Publishing Family History

From SJCPLSubjectGuides

Revision as of 01:11, 29 December 2006 by Libby the Librarian (Talk | contribs)
Jump to: navigation, search
USEFUL LINKS

Publishing Your Family History Book

By Libby Feil

Have you ever dreamed of publishing your family history research? Would you like to write up what you've discovered so that the information can easily be passed on to other family members or even to the public at large? Here are some ideas to help you with this.

First, of course, you have to carry out research on one or more families. Come in to the Local & Family History Department and let us help you get started or get past a roadblock.

Next, you have to put together a book for publication. Should you include reproductions of photographs? What should you do with letters, recipes, and documents you've found? Should you lay out your family trees as charts, written narratives, or something else entirely? These helpful manuals can help you figure out the answers to these questions:

Finally, you have to decide how to publish your work. Most family histories are not candidates for traditional publishing by big publishing houses; they just won't have a large enough audience to justify it. But you can still have the satisfaction of seeing your work in print. For most family historians, self-publishing is the way to go.

Self-publishing needn't be expensive. Consider your audience. If you just want to make enough copies to give out to your close family, or if you feel that you might want to make changes later on when you've done more research, there's no point in investing in traditional bound books. Also, if your book is not entirely created in a computer file such as Microsoft Word, then this is the way to go. Why not simply self-publish through a copy shop such as FedEx Kinko's or your closest local copy store? Copy shops have become very sophisticated, and can offer you many options to make your final product look professional, including different colors and weights of paper and a variety of bindings and covers. Just make sure to request a proof and bill in advance of final printing, so you can make sure the final version looks as it should and costs what you expect.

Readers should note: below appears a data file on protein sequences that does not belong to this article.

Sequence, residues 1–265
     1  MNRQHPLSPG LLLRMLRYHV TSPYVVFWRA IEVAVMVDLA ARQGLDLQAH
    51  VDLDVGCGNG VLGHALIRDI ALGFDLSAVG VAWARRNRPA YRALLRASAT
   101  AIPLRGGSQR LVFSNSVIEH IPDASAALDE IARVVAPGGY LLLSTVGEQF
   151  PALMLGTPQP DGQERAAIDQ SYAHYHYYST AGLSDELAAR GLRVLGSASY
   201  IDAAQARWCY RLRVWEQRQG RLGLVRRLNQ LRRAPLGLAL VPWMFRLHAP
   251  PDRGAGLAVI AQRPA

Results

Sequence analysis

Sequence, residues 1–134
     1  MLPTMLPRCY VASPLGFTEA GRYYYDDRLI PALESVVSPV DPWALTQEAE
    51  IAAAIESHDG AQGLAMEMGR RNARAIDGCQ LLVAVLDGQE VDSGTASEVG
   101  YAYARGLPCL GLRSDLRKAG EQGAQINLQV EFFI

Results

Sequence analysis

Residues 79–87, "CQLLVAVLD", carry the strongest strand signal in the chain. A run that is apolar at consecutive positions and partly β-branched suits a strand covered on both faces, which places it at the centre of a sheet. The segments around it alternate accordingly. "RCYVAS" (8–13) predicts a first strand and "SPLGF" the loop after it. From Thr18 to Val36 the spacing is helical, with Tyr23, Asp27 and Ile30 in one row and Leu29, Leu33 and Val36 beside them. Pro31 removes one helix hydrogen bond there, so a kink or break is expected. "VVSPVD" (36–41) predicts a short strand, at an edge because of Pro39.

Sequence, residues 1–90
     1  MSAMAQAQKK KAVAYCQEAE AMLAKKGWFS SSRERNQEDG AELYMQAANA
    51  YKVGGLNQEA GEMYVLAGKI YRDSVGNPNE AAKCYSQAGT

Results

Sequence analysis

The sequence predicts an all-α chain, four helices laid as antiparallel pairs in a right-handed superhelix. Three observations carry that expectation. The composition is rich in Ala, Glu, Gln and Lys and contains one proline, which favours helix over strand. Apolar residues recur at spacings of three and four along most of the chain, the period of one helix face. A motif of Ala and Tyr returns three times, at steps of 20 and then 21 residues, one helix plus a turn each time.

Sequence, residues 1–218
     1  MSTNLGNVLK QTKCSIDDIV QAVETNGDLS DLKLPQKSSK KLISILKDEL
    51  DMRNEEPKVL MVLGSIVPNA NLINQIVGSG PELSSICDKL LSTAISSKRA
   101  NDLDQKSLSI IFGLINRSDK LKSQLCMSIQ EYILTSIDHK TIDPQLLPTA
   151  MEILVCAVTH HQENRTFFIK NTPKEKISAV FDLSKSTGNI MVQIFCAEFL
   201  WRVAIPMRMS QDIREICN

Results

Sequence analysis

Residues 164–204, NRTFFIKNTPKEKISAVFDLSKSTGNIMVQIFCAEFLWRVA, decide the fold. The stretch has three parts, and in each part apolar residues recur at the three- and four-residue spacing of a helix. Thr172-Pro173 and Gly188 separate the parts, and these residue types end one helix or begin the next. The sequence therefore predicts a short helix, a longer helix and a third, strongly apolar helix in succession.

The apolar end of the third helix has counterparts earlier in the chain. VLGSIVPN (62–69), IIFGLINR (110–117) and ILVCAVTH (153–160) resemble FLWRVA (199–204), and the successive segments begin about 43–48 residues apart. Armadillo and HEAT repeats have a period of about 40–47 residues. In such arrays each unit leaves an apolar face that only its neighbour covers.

If you'd really like to produce a more traditional, bound, hard- or paperback book, there are options here that also won't break the bank. With the advent of the internet, self-publishing web sites have sprung up to help you out. One reputable site is Lulu, http://www.lulu.com/. All you need is a computer file of your book as any one of multiple formats (including as an Acrobat PDF, Microsoft Word, WordPerfect, Microsoft Works, Microsoft PowerPoint, or dozens of others). You then choose the binding, colors, and cover art, and voila! You can pay for and print as many copies as you'd like, as often as you'd like, or you can tell people about your book and let them purchase it themselves.

Whichever publishing method you choose, don't forget: if you need help along the way, you can always come in to Local & Family History and ask for help!

Back to the Genealogy page



Last updated by: Libby Feil, December 28, 2006

Personal tools